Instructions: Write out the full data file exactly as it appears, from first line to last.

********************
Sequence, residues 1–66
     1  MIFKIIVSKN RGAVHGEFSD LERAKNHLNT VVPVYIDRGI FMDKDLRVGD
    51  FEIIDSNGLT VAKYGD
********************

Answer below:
Sequence, residues 1–66
     1  MIFKIIVSKN RGAVHGEFSD LERAKNHLNT VVPVYIDRGI FMDKDLRVGD
    51  FEIIDSNGLT VAKYGD